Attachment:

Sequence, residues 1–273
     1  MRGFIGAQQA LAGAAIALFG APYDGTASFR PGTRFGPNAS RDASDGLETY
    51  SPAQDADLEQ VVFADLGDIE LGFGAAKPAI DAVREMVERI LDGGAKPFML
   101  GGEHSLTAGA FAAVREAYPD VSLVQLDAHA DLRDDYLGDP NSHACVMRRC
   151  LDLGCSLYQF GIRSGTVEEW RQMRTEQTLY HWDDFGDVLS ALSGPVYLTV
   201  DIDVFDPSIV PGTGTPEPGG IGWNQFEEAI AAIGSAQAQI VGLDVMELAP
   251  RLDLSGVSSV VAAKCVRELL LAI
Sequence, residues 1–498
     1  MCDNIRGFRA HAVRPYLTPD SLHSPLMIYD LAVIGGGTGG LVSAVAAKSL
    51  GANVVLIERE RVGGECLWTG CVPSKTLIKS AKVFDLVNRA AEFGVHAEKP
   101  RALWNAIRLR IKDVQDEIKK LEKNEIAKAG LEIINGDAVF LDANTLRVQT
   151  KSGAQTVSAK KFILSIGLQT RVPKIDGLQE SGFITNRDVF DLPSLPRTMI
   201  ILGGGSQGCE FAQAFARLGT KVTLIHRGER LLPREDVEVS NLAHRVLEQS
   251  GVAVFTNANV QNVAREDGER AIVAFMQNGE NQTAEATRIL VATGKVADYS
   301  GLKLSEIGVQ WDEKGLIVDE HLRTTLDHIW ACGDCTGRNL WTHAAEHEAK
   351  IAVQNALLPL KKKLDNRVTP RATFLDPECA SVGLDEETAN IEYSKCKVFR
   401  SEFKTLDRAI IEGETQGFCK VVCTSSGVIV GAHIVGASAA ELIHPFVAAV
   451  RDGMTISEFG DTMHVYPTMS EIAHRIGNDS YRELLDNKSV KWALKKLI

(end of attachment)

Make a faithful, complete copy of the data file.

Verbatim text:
Sequence, residues 1–273
     1  MRGFIGAQQA LAGAAIALFG APYDGTASFR PGTRFGPNAS RDASDGLETY
    51  SPAQDADLEQ VVFADLGDIE LGFGAAKPAI DAVREMVERI LDGGAKPFML
   101  GGEHSLTAGA FAAVREAYPD VSLVQLDAHA DLRDDYLGDP NSHACVMRRC
   151  LDLGCSLYQF GIRSGTVEEW RQMRTEQTLY HWDDFGDVLS ALSGPVYLTV
   201  DIDVFDPSIV PGTGTPEPGG IGWNQFEEAI AAIGSAQAQI VGLDVMELAP
   251  RLDLSGVSSV VAAKCVRELL LAI
Sequence, residues 1–498
     1  MCDNIRGFRA HAVRPYLTPD SLHSPLMIYD LAVIGGGTGG LVSAVAAKSL
    51  GANVVLIERE RVGGECLWTG CVPSKTLIKS AKVFDLVNRA AEFGVHAEKP
   101  RALWNAIRLR IKDVQDEIKK LEKNEIAKAG LEIINGDAVF LDANTLRVQT
   151  KSGAQTVSAK KFILSIGLQT RVPKIDGLQE SGFITNRDVF DLPSLPRTMI
   201  ILGGGSQGCE FAQAFARLGT KVTLIHRGER LLPREDVEVS NLAHRVLEQS
   251  GVAVFTNANV QNVAREDGER AIVAFMQNGE NQTAEATRIL VATGKVADYS
   301  GLKLSEIGVQ WDEKGLIVDE HLRTTLDHIW ACGDCTGRNL WTHAAEHEAK
   351  IAVQNALLPL KKKLDNRVTP RATFLDPECA SVGLDEETAN IEYSKCKVFR
   401  SEFKTLDRAI IEGETQGFCK VVCTSSGVIV GAHIVGASAA ELIHPFVAAV
   451  RDGMTISEFG DTMHVYPTMS EIAHRIGNDS YRELLDNKSV KWALKKLI